Marine water life: rotifers, ciliates, diatoms and bacteria 

I took another drop of water from the sea water table. This almost feels like a game. Every time I pull out a drop of water and peer into the foldscope I observe new tumbling motions, new shapes and colors.

I believe these are rotifers (or ciliates). @laks and @manup, can you confirm? I distinctly remember these creatures with legs from one of laks’s old videos describing them as the dinosaurs of the microbial world. This is my first sighting of a rotifer.

Here’s another different type. I’m curious how others identify rotifers? Is there any guide or book someone can share to ID them? I suspect this is a ciliate and not a rotifer due to the missing legs. But please correct me.

I came across this strange organism that spins round and round…

This is a diatom I think- this is the first time I’m seeing diatoms, so I’m still not sure if I’m identifying correctly. I came to the conclusion based on taking a video and it didn’t move at all. Makes me wonder if and how diatoms get from one place to another??

This I mistook for a fibre- but a video exposed it as a slow moving worm.

And finally, I came across this wonderful site which reminded me of a train station-there is so much hustling and bustling. I cannot even begin to describe all the creatures that zoom by. So much activity. So much intensity of life.

Here’s another long video. See if you can identify any of the swimming and zooming rockets.

I believe EO Wilson would hold up a bowl of water and proclaim that there is more diversity of life in this than in the entire ocean. I’m beginning to see what he was talking about.

4 Comments Add yours

  1. Manu Prakash says:

    @saad: incredible as always. You have got a tremendous “drop of water” at hand.

    – the thing with “leg like” projections in not a rotifer but a ciliate – Euplotes. The cilia like projections are called cirri and are adapted in an unusual way for walking. Strange world.. See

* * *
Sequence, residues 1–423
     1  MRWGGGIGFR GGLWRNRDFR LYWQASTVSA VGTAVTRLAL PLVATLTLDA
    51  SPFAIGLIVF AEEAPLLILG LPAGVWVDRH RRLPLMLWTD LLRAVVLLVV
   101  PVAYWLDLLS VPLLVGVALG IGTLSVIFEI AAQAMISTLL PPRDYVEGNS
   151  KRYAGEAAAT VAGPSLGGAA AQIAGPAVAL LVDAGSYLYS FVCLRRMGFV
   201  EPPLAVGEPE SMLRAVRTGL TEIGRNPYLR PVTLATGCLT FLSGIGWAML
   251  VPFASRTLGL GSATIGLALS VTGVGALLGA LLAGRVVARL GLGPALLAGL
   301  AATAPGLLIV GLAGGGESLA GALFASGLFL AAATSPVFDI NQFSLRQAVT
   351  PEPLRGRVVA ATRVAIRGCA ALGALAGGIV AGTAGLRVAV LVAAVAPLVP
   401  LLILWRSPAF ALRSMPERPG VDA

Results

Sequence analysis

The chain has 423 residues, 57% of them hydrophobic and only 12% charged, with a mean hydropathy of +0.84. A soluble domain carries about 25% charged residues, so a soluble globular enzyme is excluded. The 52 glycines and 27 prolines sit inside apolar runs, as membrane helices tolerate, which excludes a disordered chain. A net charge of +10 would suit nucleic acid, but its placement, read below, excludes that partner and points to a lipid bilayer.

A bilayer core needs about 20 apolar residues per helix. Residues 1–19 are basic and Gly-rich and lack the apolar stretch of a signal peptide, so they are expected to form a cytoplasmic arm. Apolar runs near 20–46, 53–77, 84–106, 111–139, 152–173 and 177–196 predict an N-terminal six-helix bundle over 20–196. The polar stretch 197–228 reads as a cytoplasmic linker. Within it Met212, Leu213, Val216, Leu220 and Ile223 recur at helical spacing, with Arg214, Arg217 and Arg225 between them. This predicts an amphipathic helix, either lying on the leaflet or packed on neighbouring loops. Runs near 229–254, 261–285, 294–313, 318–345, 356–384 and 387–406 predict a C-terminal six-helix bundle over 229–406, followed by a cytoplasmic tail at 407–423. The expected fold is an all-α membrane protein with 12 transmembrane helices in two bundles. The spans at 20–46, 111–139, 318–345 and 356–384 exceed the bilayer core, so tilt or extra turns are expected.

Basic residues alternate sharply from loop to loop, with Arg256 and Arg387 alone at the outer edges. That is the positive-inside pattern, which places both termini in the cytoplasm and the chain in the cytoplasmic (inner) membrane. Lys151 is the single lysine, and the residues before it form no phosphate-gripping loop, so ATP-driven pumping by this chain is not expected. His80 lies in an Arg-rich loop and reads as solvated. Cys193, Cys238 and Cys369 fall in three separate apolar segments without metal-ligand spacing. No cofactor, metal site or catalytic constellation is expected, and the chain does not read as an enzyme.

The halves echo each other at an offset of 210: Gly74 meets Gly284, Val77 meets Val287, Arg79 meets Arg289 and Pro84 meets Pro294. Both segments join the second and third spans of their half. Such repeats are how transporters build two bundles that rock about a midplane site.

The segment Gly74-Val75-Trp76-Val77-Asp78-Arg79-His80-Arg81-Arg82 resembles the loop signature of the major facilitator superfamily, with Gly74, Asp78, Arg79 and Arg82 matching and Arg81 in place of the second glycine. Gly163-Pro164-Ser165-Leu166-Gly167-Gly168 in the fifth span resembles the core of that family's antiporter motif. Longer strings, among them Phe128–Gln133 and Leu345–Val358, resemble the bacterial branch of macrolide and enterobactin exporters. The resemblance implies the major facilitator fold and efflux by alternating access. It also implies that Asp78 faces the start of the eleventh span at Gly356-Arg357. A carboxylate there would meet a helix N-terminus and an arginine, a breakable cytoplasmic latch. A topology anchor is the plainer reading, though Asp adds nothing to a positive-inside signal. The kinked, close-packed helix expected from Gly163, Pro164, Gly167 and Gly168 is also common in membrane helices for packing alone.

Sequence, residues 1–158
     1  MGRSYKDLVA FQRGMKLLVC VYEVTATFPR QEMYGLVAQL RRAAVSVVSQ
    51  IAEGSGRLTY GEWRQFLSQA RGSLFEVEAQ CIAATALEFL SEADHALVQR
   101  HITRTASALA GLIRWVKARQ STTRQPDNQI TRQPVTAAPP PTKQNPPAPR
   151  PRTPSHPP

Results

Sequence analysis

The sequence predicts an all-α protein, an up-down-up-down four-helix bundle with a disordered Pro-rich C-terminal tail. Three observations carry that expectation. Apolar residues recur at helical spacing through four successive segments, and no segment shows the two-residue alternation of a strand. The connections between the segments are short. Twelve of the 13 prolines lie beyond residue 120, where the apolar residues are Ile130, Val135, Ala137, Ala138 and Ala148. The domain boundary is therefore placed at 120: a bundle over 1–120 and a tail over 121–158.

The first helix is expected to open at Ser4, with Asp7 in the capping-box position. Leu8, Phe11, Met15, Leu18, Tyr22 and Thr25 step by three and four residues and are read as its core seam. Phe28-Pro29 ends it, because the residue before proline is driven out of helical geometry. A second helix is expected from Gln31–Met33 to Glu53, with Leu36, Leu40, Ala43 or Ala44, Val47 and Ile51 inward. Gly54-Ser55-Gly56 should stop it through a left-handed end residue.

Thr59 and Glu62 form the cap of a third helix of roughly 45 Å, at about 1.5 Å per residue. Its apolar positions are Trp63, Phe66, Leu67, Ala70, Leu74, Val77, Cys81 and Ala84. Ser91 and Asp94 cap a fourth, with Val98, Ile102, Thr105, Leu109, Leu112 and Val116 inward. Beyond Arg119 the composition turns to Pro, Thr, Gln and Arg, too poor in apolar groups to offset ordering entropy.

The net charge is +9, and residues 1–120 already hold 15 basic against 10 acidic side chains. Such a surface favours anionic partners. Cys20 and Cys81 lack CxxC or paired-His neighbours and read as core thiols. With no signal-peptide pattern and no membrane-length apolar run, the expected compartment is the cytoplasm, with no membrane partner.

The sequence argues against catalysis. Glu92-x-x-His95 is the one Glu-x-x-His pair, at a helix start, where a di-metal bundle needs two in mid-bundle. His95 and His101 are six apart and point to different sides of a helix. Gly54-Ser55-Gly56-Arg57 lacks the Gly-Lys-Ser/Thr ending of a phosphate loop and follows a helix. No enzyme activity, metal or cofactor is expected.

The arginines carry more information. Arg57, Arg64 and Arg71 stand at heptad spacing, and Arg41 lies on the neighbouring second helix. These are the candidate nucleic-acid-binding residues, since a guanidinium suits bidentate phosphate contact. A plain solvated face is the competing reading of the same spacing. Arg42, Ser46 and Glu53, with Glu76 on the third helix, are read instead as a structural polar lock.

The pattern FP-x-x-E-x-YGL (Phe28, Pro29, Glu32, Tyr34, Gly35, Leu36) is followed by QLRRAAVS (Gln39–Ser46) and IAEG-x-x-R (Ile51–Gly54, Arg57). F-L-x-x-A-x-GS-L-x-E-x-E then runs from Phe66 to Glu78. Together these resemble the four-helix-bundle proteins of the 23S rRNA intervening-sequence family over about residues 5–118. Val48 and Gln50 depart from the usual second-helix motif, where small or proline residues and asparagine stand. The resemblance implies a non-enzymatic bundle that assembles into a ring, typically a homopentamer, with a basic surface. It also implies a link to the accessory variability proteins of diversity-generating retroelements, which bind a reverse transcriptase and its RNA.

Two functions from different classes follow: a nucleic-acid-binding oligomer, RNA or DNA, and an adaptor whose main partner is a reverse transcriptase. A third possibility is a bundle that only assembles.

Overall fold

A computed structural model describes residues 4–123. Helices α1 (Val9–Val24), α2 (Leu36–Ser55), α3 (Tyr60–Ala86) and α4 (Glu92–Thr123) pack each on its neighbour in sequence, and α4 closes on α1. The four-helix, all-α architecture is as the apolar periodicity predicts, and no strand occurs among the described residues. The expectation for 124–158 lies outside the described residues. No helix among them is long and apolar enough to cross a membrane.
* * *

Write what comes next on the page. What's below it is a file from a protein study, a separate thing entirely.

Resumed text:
You have fantastic contrast and images – you might be able to identify the species.

    – now on to the rotating ball. That’s probably a flagellate that got its flagella stuck on the surface. Since some flagella have a “rotatory motor” at its base – and net torque on a free body needs to be zero – the flagella rotates one way while the body of the organism rotates the other way. It looks so funny rotating.

    Having said that; a new report last year in PRL from Rockerfeller group (Libchaber) talked about rotating liquid crystals in a bacteria they found. Worth reading – see here:

    I also see them swimming straight in other videos; so most likely an algae.

    – the moving long worm; is most likely a chain bacteria – probably cynobacteria since it has a characteristic gate just like the oscillatoria we study in the lab. Time lapse is always amazing to see how they move. Talk to @Stefan; he has just figured out how to do traction force microscopy on them 🙂

    I love the train station analogy. For me, the most mind boggling thing is how fast they make decisions as if they always knew what they wanted to do.

    I am thinking of an idea to overlay a transparency on this video with real ciliates but a cartoon of an actual train station; kind of like “Walt Disney” Alice videos with half real and half cartoon characters 🙂 that would be a really fun project to do as a community. Any artists in the audience?

    See you in a couple of days.


  2. laksiyer says:

    Wow @Saad. These are really fantastic videos. You have a Euplotes explosion. I found a freshwater Euplotes in my pond sample ( that I still have. Those cirri really make a difference. Both cyanobacteria and diatoms have a gliding motion that is very characteristic.

    1. Saad Bhamla says:

      Awesome @Manu and@laks. You guys are right. I added the updated IDs to the iNat database as well. Also thanks Manu for the cool paper. Those are some fast bacteria motors. I found the original nature paper that discovered them-what a wonderful world:))


  3. jlpappas says:

    Hi Saad,

    Sorry I’ve been away for awhile, so I couldn’t respond until now. The diatom you picture looks like a Cocconeis. I cannot tell for sure, but the valve pictured is the pseudoraphe valve. A more detailed identification would require much, much higher magnification (using oil immersion objective at 1200X to 1400X).

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